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In which a rant devolves into a blithering self-help affirmation.

I no longer believe in education. And that’s probably a problem for a “teacher.”

Now, don’t get me wrong, I still believe in knowledge and curiosity and facts and experimentation and learning… Just not the commodified product the education industry is peddling. I no longer believe the myth that a degree — any degree — equals a “good job” or that a “good job” is defined solely by ever-larger paychecks. (Though, I also don’t think a “good job” is an ever-increasing pile of meaningless work and other people’s problems and stress for increasingly-smaller amounts of money unless maybe your ideal career is religious martyr or trust-fund philanthropist.) It seems you need a degree for “any” job these days, which kind of makes the whole thing less than special. It’s created a whole new market for the kind of “degree” being sold these days — and make no mistake those things are being marketed like fast food and it takes only slightly longer to digest their content — that doesn’t reward learning so much as the timely payment of tuition, the regurgitation of basic facts in a clicker-run multiple guess format, and the ability to jump through a series of boring, pointless hoops.

My first year of college, I was in the “honor’s college” at my university and one of the classes I took was called “War, Peace, Justice, & Human Survival.” We read a lot of lengthy excerpts from weighty tomes and argued about controversial concepts in person and in essays. Do I think what I did in that class has a direct application in a job? No. Certainly not. Do I think it was one of the more valuable classes I took? Yeah. It taught us to confront topics that can be controversial and to do so in a way that challenges our beliefs without insulting or dismissing them. It taught us to be able to construct an argument from both sides — in other words to better figure out what the other side is thinking — I still find it easier to figure out what another side is “thinking” versus what they’re “feeling.” Feeling is fuzzy and unquantifiable. It also taught us about standing up for beliefs even when they aren’t popular because compliance can lead to things like Hitler. (We covered some other examples but he’s easiest because, really, most Germans at the time were hardly evil. They’d just been sold a bill of lies and they had a reasons to be invested in believing the bill of lies. There were plenty of people of that age working in factories making war machines on both sides who either truly felt what they were doing was right or just needed the paycheck.)

Just needing a paycheck has led to a lot of human atrocities over the millennia. Which is one reason why I’m not so sure we should be locking “education” the idea, the concept, the purpose up in a little cage made of paychecks and resumes and faux certifications that only serve to pad someone’s pockets. (Yes, I want my commercial airline pilot to have taken enough classes and done enough flights to be rubber stamped as competent. No, I don’t care if a “project manager” has a PM or PMI laser-printed certificate on his or her desk. Managing a few projects (even in one’s personal life) can be plenty of “training” for such things.)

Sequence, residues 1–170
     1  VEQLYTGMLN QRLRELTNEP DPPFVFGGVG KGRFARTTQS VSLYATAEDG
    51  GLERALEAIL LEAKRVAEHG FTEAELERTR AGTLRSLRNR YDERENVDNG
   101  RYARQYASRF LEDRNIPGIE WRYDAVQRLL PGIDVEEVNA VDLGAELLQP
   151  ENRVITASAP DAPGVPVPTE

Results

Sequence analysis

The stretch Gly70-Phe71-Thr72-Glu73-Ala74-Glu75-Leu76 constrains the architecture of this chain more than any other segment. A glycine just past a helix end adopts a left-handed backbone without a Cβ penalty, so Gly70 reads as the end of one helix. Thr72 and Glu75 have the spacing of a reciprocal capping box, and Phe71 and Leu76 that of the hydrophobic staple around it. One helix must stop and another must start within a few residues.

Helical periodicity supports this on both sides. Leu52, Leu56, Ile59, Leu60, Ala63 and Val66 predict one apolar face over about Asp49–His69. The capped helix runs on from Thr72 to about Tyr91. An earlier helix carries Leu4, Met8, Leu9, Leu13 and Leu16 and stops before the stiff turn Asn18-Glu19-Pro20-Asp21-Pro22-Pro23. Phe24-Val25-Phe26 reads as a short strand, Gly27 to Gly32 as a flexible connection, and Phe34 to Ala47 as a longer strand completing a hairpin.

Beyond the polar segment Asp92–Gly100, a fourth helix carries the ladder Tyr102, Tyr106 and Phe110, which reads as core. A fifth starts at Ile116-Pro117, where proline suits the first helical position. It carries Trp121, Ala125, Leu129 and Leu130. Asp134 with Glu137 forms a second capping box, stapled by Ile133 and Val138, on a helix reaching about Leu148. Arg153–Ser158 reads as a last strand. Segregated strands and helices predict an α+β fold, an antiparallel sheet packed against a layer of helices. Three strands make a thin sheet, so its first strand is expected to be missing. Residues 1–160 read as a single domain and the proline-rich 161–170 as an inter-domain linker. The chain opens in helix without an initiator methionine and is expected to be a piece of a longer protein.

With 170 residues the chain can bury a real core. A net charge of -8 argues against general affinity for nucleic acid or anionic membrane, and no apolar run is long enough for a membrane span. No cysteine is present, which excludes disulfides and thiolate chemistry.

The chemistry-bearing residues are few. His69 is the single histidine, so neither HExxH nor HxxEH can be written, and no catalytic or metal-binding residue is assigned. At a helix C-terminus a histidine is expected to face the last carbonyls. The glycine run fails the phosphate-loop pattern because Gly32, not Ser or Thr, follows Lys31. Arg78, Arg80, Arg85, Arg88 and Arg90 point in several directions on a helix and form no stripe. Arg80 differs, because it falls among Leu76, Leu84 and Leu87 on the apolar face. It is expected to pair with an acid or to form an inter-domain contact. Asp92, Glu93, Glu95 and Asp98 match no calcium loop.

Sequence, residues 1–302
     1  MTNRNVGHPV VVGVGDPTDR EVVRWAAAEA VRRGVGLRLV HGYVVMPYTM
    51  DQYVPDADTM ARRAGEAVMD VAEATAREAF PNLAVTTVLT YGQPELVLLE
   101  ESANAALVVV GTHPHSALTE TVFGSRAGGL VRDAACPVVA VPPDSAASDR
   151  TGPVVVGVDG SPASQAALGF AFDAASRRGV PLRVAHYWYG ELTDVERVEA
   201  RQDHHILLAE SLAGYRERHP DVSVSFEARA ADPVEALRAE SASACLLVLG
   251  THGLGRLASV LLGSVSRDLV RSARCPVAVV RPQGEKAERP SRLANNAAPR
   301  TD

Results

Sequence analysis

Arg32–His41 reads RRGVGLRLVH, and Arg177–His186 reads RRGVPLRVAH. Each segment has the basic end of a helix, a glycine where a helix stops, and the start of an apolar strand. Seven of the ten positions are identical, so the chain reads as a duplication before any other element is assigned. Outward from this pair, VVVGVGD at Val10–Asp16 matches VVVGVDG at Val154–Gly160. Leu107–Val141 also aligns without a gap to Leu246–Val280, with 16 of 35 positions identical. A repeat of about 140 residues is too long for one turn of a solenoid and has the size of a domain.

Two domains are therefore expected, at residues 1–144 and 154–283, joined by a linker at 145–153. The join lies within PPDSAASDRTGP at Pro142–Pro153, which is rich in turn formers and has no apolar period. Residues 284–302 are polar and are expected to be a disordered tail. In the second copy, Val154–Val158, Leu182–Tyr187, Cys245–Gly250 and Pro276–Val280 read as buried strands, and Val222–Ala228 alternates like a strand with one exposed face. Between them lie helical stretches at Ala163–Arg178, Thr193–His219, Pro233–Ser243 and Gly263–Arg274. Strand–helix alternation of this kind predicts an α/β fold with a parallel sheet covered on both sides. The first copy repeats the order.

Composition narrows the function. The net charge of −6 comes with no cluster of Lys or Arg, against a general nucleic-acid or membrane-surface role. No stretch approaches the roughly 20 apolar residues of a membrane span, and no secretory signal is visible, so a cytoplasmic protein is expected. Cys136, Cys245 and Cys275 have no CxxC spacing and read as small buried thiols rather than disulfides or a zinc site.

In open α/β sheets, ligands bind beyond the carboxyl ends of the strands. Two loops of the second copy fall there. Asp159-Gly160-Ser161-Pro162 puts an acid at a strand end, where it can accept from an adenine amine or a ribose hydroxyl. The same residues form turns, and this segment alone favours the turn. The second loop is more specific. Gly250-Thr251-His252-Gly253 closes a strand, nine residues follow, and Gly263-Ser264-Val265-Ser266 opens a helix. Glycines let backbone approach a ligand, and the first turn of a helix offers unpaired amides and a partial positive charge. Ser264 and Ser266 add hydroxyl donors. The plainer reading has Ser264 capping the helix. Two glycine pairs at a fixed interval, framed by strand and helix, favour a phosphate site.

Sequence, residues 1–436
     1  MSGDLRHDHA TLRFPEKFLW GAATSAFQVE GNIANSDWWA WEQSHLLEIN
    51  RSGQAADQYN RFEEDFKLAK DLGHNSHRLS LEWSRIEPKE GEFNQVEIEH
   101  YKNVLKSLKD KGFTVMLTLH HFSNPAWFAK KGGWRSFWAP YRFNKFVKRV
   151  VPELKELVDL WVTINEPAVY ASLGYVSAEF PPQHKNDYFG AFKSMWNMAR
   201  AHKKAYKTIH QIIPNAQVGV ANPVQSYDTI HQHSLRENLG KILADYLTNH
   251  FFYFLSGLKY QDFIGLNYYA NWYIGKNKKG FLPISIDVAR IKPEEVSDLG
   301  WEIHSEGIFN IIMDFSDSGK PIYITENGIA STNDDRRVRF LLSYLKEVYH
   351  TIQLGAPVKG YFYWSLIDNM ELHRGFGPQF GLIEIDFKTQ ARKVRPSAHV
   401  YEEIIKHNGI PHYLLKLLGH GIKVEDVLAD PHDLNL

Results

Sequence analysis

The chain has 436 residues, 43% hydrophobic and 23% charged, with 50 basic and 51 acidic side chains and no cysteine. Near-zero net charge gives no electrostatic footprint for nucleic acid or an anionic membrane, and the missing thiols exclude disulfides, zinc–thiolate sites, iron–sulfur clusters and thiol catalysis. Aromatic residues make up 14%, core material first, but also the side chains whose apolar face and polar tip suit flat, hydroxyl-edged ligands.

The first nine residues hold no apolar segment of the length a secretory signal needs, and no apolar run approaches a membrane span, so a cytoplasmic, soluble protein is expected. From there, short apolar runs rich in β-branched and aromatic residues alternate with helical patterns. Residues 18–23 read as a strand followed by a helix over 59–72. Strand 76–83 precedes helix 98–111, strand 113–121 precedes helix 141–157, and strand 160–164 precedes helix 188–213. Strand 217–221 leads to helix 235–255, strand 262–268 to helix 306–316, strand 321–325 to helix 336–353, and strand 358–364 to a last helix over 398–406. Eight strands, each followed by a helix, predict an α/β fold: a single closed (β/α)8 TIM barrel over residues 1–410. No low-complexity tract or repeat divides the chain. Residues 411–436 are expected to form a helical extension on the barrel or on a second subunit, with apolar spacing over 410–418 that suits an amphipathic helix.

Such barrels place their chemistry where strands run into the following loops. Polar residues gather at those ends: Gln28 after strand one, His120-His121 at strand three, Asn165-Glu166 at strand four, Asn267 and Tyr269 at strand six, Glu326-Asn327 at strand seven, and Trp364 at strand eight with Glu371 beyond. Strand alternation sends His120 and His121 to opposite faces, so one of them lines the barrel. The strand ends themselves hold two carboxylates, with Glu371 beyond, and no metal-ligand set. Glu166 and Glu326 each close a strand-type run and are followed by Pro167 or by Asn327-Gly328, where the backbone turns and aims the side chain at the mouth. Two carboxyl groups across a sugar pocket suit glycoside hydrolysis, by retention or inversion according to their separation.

All the testing and certifications and overpriced pieces of paper? They don’t seem to have done that much for graduation rates or getting people into “good jobs” either. Partly because we’ve managed to disenfranchise all the kids who are three generations beyond the American Dream myth, who’ve never seen anyone get a “good job” and have no reason to try in school if that’s the ultimate goal. Partly because there’s a limited supply of these “good jobs” and a huge supply of cashier and barista jobs, far fewer “good jobs” than we have sold these degrees to fill. There’s so much discrepancy at this point that getting a degree almost feels like a $60,000 lottery ticket. You mortgage your future wages on the chance that you’ll have some. It’s an asinine system and I’m not sure I can sell it anymore with a straight face.

Which makes me sound jaded and angry and rudderless.

Here’s the thing, I still believe in things. I believe, perhaps hopelessly or idealistically or foolhardedly, in art. Visual art, aural art, static, kinetic. I believe in books. I believe in paintings. I believe in plays. I believe in independent films. I believe in our ability to seek out meaning in our world through making and exploring art. I believe the biggest, hardest themes are easier to grasp through art. (For example, the little collection of prose poems, Tales From a Child of the Enemy by Ursula Duba does better at explaining what it meant to be German during and after World War II and how the propaganda lived on than any textbook I’ve encountered.)


I believe in nature. I believe in sunsets and sunrises, in warm days and snowy nights. I believe in the majestic beauty of a mountain range and the subtle (stinky) beauty of the swamp. I believe in sitting on a warm red rock staring out at the valley. I believe in watching the stars twinkle from a canoe. I believe in dragonflies and earthworms and native lizards. I believe in finding myself by not looking so hard. By sitting still and listening to my own head instead of the million and four pundits shouting for airspace.

I believe in exploring because things are there. I believe in reading because books are magic (even when they’re terrible). I believe in running and biking and paddling and being the best awkward martial artist I can. I believe in writing, even when I am convinced my own is a steaming pile of alligator poop. I believe in good food with good friends, which means I’m a fan of kitchen experiments.

I believe in creating. I believe in curiosity.